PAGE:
United States of America, Plaintiff-appellee, v. Quentin Clitso, Defendant-appellant, 39 F.3d 1189 (9th Cir. 1994)Annotate this Case
Submitted Nov. 1, 1994. *Decided Nov. 8, 1994
Before: WALLACE, Chief Judge, GOODWIN and NORRIS, Circuit Judges.
Quentin Clitso appeals his 120-month sentence imposed following his nolo contendere plea to one count of abusive sexual conduct in violation of 18 U.S.C. § 2244(a) (1). Clitso contends that the district court erred by sentencing him as a career offender under the United States Sentencing Guidelines ("U.S.S.G." or "the Guidelines") Secs. 4B1.1 and 4B1.2 because his prior Arizona state conviction for aggravated assault of a police officer was not a "crime of violence." We have jurisdiction under 28 U.S.C. § 1291. We review de novo the district court's interpretation of the Guidelines. United States v. Lonczak, 993 F.2d 180, 180 (9th Cir. 1993). We affirm.
A defendant is a career offender if he "has at lease two prior felony convictions of either a crime of violence or a controlled substance offense." U.S.S.G. Sec. 4B1.1 (1992). The Guidelines further define a "crime of violence" as "any offense under federal or state law punishable by imprisonment for a term exceeding one year that (i) has as an element the use, attempted use, or threatened use of physical force against the person of another, or (ii) ... involves conduct that presents a serious potential risk of physical injury to another." U.S.S.G. Sec. 4B1.2(1). The commentary to Sec. 4B1.2 specifically lists aggravated assault as a "crime of violence." U.S.S.G. Sec. 4B1.2, comment. (n. 2); see also United States v. Robinson, 967 F.2d 287, 293-94 (9th Cir. 1992) (using force or violence on a peace officer is held a "crime of violence").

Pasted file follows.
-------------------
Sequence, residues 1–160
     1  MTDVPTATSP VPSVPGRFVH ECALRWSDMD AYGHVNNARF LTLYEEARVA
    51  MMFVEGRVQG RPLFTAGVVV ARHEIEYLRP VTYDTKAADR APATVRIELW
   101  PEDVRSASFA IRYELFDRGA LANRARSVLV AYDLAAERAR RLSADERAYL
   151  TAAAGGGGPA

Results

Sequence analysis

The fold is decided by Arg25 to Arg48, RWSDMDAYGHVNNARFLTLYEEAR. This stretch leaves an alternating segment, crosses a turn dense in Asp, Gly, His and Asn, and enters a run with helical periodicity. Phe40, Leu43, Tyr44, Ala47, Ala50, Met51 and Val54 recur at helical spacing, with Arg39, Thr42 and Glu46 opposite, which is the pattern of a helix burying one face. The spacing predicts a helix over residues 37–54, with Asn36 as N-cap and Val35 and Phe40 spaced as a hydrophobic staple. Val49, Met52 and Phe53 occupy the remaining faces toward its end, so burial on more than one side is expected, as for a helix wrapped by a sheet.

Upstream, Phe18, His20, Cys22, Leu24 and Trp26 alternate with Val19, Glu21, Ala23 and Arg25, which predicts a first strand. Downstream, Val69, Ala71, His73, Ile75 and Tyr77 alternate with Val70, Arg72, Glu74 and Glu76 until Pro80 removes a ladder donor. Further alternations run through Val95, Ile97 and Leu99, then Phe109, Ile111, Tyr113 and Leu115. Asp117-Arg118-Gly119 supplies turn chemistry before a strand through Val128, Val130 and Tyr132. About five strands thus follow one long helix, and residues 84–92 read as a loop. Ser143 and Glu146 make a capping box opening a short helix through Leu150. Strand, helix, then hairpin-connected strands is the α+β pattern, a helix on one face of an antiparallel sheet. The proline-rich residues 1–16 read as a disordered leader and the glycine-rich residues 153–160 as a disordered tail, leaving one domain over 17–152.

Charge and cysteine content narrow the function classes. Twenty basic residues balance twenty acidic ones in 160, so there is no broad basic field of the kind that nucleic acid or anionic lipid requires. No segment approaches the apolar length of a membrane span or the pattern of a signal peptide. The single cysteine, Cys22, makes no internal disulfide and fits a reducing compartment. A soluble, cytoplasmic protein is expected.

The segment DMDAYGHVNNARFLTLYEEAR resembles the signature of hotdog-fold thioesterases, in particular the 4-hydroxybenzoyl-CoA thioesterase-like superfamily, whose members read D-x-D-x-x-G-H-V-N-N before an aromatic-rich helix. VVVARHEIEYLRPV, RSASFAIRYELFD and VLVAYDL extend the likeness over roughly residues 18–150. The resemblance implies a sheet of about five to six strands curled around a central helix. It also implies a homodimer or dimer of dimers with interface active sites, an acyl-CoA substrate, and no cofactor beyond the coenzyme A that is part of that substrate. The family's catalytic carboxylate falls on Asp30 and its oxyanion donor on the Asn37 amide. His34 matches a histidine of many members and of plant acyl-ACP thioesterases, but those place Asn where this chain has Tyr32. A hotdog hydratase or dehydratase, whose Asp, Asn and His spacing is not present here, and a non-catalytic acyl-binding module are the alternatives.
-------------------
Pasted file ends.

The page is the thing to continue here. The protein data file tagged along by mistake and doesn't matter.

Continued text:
"To determine whether a prior conviction is a 'crime of violence,' we look to 'the elements of the crime charged or whether the actual charged "conduct" of the defendant presented a serious risk of physical injury to another.' " United States v. Young, 990 F.2d 469, 471 (9th Cir.) (quoting United States v. Sahakian, 965 F.2d 740, 742 (9th Cir. 1992)), cert. denied, 114 S. Ct. 276 (1993); see also U.S.S.G. Sec. 4B1.2, comment. (n. 2) ("the conduct of which the defendant was convicted is the focus of the inquiry"); cf. United States v. Davis, 932 F.2d 752, 764 (9th Cir. 1991) (prior conviction under the career offender guidelines can be proven by the plea hearing transcript and defense attorney's admission).
In Arizona, a person is guilty of aggravated assault if he knowingly assaults a peace officer. See Ariz.Rev.Stat.Ann. Sec. 13-1204 (1991). Assault is defined as "knowingly touching another person with the intent to injure, insult or provoke such person." Ariz.Rev.Stat.Ann. Sec. 13-1203 (1991). The Supreme Court of Arizona has held that it is possible to commit aggravated assault without the use or threat of violence. See State v. Fierro, 166 Ariz. 539, 550 (1990); see also State v. Mathews, 130 Ariz. 46 (1981) (faking a striking blow at a police officer constitutes aggravated assault since "touching" does not require person-to-person contact).
Clitso contends that based on the language of Arizona statute Secs. 13-1203 and 13-1204, a person can be convicted of aggravated assault in Arizona by touching a person, such as a peace officer, with the intent to insult. However, we need not decide whether this particular reading of the aggravated assault statute implicates as an element the use or threatened use of violence. See Young, 990 F.2d at 471. Clitso admitted and the district court found that Clitso's aggravated assault conviction resulted from a "significant and severe" contact with a police officer. This conduct presented a serious potential risk of physical injury to another, and thus satisfies the definition of "crime of violence." See Robinson, 967 F.2d at 293-94; Davis, 932 F.2d at 764. Therefore, the district court correctly sentenced Clitso as a career offender under the Guidelines. See U.S.S.G. Secs. 4B1.1, 4B1.2; Young, 990 F.2d at 471-72.